Toney To Be Suspended, Ruiz Un-retires

By Francis Walker
Updated: May 11, 2005

James Toney

NEW YORK — James Toney was reported by New York Athletic Commission for testing positive for a banned performance-enhancing substance called nandrolone following his WBA heavyweight title victory against John Ruiz on April 30, at Madison Square Garden.

Toney became the second middleweight champion in more than 100 years to win a heavyweight championship when he defeated won a 12-round unanimous decision against John Ruiz, quickly retired following the bout. Ruiz, the first Latino heavyweight champion in boxing history, announced his un-retirement this week.

If the report remains accurate, Toney-Ruiz will be declared a no-contest since Toney failed a post-fight drug examination. He will also face a six-month suspension and a possible fine, as Ruiz will retain his WBA heavyweight title.

Nandrolone, also known as Deca-Durabolin, naturally occurs in the human body and can be easily detected through urine tests. The International Olympic Committee has set a limit of 2 nanograms per 0.0338 of a fluid ounce of urine. An athlete is accused of doping if they tested above the limit.

Ruiz’ return and Toney’s possible suspension more than likely has scratched Toney’s proposed unification bout against IBF champion, Chris Byrd on July 23.

Instead, Ruiz, perhaps the most unpopular of the heavyweight champions because of his rugged style could finally meet Byrd in the first phase of unifying the world heavyweight championship.

Klitschko vs. Rahman/Barrett “interim” champion

Speaking of heavyweight championships, WBC heavyweight champ, Vitali Klitschko will face the winner of the WBC “interim” heavyweight title fight between top ranked contenders Hasim Rahman and Monte Barrett on July 23.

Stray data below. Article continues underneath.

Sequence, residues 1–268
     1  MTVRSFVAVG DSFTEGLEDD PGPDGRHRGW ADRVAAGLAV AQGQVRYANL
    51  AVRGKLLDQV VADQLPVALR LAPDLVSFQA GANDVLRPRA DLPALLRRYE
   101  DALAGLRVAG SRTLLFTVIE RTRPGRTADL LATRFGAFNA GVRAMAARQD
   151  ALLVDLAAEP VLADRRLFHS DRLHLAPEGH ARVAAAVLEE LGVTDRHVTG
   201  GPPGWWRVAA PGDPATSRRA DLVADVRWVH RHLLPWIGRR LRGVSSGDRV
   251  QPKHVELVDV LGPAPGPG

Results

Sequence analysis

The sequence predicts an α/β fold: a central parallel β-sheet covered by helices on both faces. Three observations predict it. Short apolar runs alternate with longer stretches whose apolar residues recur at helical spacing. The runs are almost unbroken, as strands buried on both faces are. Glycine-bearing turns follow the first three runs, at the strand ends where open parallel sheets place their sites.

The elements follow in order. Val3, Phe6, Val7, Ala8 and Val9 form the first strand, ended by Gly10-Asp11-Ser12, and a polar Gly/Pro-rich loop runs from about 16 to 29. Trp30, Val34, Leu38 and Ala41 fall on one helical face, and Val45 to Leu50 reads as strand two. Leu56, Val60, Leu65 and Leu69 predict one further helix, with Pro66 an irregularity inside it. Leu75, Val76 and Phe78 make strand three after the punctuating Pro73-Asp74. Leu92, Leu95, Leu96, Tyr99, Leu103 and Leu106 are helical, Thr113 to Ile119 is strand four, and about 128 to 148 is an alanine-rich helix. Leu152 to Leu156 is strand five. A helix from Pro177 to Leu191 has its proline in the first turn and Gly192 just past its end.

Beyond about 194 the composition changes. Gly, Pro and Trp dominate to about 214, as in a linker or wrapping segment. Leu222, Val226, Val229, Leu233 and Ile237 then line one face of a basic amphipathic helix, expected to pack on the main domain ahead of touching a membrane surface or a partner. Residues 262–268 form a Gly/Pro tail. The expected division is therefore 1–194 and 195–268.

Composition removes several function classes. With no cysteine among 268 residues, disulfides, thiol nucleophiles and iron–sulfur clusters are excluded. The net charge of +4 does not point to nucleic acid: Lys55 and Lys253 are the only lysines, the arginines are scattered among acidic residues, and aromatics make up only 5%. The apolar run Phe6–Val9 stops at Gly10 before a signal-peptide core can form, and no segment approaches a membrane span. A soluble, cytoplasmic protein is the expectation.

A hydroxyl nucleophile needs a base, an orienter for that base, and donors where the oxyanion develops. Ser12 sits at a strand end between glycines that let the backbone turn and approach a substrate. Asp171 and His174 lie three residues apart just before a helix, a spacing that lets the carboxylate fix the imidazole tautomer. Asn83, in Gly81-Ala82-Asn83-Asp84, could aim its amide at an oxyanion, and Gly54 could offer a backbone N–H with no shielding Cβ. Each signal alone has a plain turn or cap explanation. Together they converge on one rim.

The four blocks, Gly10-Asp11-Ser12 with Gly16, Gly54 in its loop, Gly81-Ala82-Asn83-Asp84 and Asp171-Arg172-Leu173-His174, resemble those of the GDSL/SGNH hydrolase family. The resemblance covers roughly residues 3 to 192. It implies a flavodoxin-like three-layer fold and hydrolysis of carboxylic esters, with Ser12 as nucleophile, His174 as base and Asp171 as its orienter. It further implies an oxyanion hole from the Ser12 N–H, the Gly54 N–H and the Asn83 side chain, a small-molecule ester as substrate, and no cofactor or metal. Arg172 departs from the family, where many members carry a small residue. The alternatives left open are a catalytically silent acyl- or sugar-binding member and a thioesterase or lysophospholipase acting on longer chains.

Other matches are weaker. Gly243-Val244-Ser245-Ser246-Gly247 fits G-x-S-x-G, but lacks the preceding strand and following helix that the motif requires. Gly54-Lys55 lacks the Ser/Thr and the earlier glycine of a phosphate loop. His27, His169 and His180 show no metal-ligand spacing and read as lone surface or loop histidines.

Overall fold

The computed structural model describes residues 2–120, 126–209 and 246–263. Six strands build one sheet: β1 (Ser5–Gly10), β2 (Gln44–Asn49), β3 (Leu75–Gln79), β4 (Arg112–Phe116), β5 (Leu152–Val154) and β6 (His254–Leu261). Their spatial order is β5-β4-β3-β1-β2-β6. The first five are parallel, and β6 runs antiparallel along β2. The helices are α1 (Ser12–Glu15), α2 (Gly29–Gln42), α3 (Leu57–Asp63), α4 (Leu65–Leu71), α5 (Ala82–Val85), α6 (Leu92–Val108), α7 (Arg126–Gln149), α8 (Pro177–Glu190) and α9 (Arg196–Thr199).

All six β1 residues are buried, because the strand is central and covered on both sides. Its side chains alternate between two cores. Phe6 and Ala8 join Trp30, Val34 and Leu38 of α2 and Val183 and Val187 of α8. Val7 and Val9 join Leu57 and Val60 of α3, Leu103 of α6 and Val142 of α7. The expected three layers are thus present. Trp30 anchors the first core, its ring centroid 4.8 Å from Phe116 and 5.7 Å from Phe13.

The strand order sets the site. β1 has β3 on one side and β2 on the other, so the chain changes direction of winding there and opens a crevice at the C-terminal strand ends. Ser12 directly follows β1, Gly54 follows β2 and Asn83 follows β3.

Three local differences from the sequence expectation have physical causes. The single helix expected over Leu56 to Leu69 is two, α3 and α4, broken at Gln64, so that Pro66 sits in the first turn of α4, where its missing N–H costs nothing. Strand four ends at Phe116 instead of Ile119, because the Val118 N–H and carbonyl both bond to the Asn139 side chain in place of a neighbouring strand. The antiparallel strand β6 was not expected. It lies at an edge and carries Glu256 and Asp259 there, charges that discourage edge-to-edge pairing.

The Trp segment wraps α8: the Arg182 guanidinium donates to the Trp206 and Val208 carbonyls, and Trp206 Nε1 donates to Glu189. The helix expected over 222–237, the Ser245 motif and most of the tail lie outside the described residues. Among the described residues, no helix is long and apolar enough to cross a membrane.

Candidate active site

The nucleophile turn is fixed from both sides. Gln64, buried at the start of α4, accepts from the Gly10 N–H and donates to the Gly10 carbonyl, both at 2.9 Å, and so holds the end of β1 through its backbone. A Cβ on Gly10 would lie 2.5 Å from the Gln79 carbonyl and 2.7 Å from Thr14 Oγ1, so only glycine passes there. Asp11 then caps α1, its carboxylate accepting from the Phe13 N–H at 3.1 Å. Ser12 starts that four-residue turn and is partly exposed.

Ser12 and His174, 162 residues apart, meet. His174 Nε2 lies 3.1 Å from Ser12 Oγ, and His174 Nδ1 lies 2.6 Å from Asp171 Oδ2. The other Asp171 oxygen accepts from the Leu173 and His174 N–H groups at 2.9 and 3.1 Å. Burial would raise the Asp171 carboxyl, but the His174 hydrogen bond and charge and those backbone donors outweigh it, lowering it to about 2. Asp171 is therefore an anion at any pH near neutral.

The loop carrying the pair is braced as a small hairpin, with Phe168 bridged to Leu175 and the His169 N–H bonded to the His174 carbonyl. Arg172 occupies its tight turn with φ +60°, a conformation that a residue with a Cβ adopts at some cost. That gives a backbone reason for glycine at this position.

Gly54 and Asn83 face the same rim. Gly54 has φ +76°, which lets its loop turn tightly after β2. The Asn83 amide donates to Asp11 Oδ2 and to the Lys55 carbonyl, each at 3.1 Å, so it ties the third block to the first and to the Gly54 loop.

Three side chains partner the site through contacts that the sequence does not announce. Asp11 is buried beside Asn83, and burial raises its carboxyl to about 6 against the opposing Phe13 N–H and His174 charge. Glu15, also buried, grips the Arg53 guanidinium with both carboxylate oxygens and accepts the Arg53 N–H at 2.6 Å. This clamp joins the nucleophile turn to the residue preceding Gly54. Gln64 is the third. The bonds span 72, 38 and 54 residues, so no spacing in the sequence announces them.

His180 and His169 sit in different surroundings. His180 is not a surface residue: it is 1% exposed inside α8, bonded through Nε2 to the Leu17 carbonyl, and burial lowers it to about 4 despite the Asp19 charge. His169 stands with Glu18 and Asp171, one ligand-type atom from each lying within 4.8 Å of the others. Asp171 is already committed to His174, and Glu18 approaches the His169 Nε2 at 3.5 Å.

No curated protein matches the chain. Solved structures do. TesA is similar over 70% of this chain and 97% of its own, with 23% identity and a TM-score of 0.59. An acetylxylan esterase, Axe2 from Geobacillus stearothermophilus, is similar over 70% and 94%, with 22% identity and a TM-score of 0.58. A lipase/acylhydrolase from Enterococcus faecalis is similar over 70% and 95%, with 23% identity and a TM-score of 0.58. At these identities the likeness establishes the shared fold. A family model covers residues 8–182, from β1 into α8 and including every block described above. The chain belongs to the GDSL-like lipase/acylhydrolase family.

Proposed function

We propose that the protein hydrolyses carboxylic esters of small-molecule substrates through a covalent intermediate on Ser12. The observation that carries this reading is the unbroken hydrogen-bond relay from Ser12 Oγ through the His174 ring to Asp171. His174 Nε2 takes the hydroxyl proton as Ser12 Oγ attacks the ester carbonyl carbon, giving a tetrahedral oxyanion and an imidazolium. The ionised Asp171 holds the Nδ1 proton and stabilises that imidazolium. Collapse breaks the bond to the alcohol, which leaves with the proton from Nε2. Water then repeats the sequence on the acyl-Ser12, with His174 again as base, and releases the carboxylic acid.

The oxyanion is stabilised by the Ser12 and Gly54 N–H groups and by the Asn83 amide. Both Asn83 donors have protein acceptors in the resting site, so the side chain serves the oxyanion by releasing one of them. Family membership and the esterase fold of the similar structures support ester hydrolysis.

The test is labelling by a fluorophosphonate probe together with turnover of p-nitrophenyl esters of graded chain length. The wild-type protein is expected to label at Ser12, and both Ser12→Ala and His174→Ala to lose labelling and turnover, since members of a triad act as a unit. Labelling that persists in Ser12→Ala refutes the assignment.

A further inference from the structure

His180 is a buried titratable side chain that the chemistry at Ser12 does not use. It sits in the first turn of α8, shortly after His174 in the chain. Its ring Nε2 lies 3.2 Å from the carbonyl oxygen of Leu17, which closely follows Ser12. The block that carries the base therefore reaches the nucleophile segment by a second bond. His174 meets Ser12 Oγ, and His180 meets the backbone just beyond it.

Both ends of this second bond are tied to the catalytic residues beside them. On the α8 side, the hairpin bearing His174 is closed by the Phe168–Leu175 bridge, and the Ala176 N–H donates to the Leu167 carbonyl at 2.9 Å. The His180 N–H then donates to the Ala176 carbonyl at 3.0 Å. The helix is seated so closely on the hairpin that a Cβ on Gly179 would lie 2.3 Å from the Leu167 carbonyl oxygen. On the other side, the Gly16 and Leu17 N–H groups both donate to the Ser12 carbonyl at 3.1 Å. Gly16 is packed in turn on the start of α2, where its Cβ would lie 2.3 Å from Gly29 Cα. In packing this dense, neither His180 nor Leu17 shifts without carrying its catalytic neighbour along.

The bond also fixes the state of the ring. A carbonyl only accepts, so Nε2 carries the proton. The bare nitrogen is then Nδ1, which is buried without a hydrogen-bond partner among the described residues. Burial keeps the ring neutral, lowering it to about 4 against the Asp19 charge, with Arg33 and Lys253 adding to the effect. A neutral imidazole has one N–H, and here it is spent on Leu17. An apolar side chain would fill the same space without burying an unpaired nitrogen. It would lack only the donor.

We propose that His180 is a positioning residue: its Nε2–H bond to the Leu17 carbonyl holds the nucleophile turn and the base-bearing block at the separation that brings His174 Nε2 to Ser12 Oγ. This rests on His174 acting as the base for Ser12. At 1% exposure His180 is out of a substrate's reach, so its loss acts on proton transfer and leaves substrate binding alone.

Klitschko suffered injuries to his legs and is recovering from back surgery. He was suppose to fight the No. 1-ranked Rahman on April 30, but that fight may not happen.

Rahman, a former heavyweight champion, famous for both his 2001 knockout victory and KO loss to Lennox Lewis, will meet Barrett. The winner of the bout will have “interim” championship status.

Klitschko will have until September to fight the Rahman-Barrett winner. If Klitschko is unable to, then the “interim” champion will be decalired the new WBC heavyweight champion.

Trinidad vs. Wright

What could be the 2005 “Fight of the Year,” Felix Trinidad (42-1, 35 KOs) will meet IBF 154-pound champion, Winky Wright (48-3, 25 KOs) at the MGM Grand in Las Vegas on May 14.

Trinidad has has many legendary bouts against many world champions: Osacr De La Hoya, Pernell Whitaker, Fernando Vargas, Bernard Hopkins, David Reid, William Joppy, Oba Carr, and more. However, he has never fought a southpaw with the skills Wright has.

Wright, who fought his entire career at 154 pounds, makes is 160-pound, middleweight debut against Trinidad. Wright is coming off two 12-round decisions against Sugar Shane Mosley. Wright has to box, jab, move, and do not stand in front of Trinidad’s devastating power the way Ricardo Mayorga did in October.

Mayorga was KO’d in round eight. Wright, known for his tight defense and counter punching, is not known for his punching power. The question remains if Wright has enough strength to keep Trinidad off a balanced attack.

Trinidad-Wright will be distributed on HBO pay-per-view television at a suggested retail of $49.95.

Hopkins vs. Taylor

Jermain Taylor (23-0, 17 KOs) accepted $1.8 million to challenge Undisputed world middleweight champion, Bernard Hopkins for his WBA, WBC, IBF, and WBO 160-pound championship belts on July 16.

Hopkins (46-2-1, 36 KOs), who will command at least $3 million, will be making a middleweight record 21st consecutive title defense. Hopkins has held the IBF middleweight title since April 1995 and has not lost a fight since dropping a 12-round decision to Roy Jones, Jr. in May 1993.

Hopkins may be 40, but very few are giving Taylor, an undefeated 26-year-old U.S. Olympic bronze medalist from Little Rock, Arkansas a chance to pull off perhaps the biggest upset since Antonio Tarver KO’d Roy Jones, Jr. last year.

Hopkins has fought fighters with diverse boxing skills, punching power, hand speed/quickness and abilities. Hopkins is the only fighter to ever knockout Felix Trinidad (KO 12) and Oscar De La Hoya (KO 9), who is now Hopkins’ promoter.

Hopkins has defeated at least six different current or previous world champions. It’s very difficult to imagine that Taylor can present a style of fight that Hopkins has never seen before. Accept that it has been a long time since Hopkins has fought a fighter with a strong jab than Taylor, who appears to be more aggressive than he’s ever been.

Bottom line is Taylor deserves the opportunity to fight for the undisputed middleweight championship. Hopkins-Taylor is an intriguing battle between an aging Hall of Fame, but strong champion against a much younger, rising talent.